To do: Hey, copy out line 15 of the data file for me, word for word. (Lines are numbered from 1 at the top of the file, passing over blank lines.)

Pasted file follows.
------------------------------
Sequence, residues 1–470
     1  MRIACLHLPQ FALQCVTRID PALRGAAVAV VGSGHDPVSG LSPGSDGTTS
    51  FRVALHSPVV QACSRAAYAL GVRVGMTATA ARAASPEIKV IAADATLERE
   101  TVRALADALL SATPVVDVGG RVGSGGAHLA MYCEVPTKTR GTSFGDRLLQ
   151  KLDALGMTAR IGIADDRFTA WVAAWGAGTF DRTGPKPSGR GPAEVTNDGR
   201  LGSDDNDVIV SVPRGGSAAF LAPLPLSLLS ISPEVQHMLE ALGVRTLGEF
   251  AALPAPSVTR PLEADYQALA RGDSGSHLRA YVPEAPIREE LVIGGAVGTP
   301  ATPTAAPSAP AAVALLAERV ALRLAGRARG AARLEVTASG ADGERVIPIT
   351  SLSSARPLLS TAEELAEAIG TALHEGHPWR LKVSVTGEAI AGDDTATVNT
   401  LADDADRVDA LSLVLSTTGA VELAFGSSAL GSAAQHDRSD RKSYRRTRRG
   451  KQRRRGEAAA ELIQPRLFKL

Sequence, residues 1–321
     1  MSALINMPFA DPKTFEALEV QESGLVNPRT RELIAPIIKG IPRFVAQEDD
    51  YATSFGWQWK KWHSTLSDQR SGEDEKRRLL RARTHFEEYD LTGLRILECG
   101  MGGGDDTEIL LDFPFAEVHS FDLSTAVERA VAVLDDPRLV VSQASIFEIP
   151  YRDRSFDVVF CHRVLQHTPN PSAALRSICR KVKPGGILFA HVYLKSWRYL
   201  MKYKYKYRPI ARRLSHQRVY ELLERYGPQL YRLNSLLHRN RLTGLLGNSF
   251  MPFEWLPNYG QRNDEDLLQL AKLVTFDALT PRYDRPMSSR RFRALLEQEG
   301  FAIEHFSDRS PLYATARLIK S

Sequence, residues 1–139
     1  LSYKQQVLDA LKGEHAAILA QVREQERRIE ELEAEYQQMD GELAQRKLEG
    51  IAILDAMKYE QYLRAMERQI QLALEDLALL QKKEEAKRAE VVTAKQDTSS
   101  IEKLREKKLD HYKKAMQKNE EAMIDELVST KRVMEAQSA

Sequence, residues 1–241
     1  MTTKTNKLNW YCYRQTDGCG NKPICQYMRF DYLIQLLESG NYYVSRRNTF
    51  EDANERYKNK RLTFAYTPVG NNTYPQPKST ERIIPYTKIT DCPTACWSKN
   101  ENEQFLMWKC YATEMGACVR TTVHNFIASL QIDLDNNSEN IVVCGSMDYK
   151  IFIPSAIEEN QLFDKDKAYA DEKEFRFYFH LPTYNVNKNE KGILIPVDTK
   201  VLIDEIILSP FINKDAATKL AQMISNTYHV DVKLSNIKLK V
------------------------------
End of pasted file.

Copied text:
   101  MGGGDDTEIL LDFPFAEVHS FDLSTAVERA VAVLDDPRLV VSQASIFEIP